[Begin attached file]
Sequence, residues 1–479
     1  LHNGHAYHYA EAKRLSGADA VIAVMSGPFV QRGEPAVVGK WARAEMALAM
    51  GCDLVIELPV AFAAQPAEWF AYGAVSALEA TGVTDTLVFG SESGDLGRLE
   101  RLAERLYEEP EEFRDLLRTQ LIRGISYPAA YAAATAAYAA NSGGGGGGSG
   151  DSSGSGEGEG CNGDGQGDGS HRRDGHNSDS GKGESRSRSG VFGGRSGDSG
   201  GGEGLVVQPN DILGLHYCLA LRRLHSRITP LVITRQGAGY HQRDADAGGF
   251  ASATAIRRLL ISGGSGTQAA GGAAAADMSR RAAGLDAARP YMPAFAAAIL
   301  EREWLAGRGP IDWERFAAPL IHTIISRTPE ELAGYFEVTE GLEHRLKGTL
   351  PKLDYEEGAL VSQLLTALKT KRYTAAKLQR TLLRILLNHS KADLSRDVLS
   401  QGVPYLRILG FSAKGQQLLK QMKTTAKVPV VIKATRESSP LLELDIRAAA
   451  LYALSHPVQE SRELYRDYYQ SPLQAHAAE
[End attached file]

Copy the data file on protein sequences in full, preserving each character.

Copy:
Sequence, residues 1–479
     1  LHNGHAYHYA EAKRLSGADA VIAVMSGPFV QRGEPAVVGK WARAEMALAM
    51  GCDLVIELPV AFAAQPAEWF AYGAVSALEA TGVTDTLVFG SESGDLGRLE
   101  RLAERLYEEP EEFRDLLRTQ LIRGISYPAA YAAATAAYAA NSGGGGGGSG
   151  DSSGSGEGEG CNGDGQGDGS HRRDGHNSDS GKGESRSRSG VFGGRSGDSG
   201  GGEGLVVQPN DILGLHYCLA LRRLHSRITP LVITRQGAGY HQRDADAGGF
   251  ASATAIRRLL ISGGSGTQAA GGAAAADMSR RAAGLDAARP YMPAFAAAIL
   301  EREWLAGRGP IDWERFAAPL IHTIISRTPE ELAGYFEVTE GLEHRLKGTL
   351  PKLDYEEGAL VSQLLTALKT KRYTAAKLQR TLLRILLNHS KADLSRDVLS
   401  QGVPYLRILG FSAKGQQLLK QMKTTAKVPV VIKATRESSP LLELDIRAAA
   451  LYALSHPVQE SRELYRDYYQ SPLQAHAAE